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edited for APA -- CREATIVITY UNDER SURVEILLANCE - THE ROLE SOCIAL RISK-TAKING AND INTRINSIC MOTIVATION IN ONLINE CREATIVITY.docx (212.29 kB)
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Creativity Under Surveillance: The Role of Social Risk-taking and Intrinsic Motivation in Online Creativity

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posted on 24.02.2022, 23:51 authored by Michael DarflerMichael Darfler, Saleh Kalantari

Participants (n = 99) were randomly assigned to one of four conditions in a 2 x 2 factorial design that crossed visual surveillance with expected evaluation. Participants in the surveillance condition were told that their computer’s screen would be remotely observed as they worked, along with as a live video and audio feed. Participants in the evaluation group were told that their work would be evaluated later by experts. Risk-taking perception and intrinsic motivation were assessed through a self-report instrument. In contrast to prior literature, the study did not find an effect of surveillance or evaluation-expectation on creativity or intrinsic task motivation. Social risk-taking was found to have an indirect positive relationship with creativity mediated through intrinsic motivation. The findings are discussed in relation to the COVID-19 pandemic, the growth of remote work, and other possible confounding variables including race and socioeconomic status.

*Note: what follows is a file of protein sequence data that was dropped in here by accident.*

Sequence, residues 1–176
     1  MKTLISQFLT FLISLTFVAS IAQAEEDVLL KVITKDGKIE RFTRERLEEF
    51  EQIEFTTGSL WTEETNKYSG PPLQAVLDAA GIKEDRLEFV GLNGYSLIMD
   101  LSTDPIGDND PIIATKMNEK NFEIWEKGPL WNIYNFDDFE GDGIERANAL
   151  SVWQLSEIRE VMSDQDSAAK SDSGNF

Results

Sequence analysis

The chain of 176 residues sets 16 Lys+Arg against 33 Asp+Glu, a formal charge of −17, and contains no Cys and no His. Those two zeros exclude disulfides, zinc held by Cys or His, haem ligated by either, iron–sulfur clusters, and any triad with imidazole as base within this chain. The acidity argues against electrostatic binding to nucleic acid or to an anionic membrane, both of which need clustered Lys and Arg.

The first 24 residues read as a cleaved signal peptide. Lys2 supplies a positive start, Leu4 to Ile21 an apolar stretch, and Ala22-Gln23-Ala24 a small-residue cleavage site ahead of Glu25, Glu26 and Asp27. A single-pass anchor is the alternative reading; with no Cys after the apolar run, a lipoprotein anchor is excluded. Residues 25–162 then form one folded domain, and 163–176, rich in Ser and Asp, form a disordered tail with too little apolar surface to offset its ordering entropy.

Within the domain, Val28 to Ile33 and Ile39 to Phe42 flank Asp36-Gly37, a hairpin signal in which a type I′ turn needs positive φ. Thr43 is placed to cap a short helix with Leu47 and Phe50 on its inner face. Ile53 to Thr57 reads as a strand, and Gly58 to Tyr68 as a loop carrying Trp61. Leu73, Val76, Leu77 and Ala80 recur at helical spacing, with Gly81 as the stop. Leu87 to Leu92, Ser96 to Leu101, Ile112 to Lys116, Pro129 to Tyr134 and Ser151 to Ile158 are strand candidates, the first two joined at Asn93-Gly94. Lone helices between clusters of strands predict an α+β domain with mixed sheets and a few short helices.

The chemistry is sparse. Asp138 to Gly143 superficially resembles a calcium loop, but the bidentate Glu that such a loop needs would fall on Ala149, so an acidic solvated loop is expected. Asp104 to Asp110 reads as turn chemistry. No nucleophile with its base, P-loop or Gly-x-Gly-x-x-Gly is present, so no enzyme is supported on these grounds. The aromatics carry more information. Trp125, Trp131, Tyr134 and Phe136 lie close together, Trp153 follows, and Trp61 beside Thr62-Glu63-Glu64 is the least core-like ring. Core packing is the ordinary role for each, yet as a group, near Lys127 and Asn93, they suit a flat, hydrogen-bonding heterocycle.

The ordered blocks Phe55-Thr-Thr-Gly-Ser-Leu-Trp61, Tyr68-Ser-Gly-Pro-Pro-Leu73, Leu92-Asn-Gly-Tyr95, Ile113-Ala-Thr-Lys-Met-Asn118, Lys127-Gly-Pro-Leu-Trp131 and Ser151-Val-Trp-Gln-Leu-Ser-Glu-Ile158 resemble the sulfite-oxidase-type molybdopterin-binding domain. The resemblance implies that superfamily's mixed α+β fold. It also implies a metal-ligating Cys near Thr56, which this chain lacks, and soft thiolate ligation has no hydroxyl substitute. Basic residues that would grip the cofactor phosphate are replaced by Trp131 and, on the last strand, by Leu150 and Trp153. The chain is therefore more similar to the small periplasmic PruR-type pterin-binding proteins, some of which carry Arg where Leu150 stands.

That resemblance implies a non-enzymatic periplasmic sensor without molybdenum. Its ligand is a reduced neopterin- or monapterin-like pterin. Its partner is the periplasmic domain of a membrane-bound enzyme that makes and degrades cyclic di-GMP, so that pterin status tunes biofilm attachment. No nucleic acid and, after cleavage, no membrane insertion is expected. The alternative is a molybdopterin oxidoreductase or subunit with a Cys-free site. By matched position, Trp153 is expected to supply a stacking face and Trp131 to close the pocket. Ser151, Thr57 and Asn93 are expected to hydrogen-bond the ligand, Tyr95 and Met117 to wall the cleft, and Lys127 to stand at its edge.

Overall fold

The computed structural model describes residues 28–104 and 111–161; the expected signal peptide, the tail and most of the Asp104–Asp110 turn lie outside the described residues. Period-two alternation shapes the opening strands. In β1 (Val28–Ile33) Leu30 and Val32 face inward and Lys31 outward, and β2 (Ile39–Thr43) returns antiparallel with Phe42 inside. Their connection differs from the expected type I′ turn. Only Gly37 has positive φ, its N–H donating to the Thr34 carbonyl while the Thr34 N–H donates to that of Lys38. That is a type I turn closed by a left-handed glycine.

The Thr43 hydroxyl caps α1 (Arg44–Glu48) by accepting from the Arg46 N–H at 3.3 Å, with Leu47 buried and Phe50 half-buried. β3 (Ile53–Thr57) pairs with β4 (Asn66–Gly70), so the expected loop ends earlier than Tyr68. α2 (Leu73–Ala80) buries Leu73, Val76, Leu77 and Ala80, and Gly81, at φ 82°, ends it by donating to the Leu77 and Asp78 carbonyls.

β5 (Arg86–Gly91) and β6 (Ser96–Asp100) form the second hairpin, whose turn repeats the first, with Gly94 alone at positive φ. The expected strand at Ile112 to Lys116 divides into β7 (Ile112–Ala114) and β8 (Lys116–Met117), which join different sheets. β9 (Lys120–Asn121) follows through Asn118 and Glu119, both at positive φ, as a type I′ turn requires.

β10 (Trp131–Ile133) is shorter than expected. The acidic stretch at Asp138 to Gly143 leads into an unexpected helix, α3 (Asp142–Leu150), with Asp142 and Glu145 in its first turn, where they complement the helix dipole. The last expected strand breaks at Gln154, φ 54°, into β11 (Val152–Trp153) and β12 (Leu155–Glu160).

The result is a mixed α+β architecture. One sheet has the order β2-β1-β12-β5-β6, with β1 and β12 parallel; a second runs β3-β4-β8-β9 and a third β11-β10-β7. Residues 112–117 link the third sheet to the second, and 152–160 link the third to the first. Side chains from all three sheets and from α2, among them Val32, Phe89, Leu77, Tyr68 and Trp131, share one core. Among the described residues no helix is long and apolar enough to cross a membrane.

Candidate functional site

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History

Declaration of conflicts of interest

There are no reportable conflicts of interests

Corresponding author email

mbd25@cornell.edu

Lead author country

United States

Lead author job role

Practitioner/Professional

Lead author institution

Cornell University

Human Participants

Yes

Ethics statement

All procedures were deemed exempt from full review by the Institutional Review Board at Cornell University (Research Protocol #2009009825). All participants provided written informed consent before participation. Participation was voluntary and individuals could withdraw at any time for any reason. All data was anonymized.

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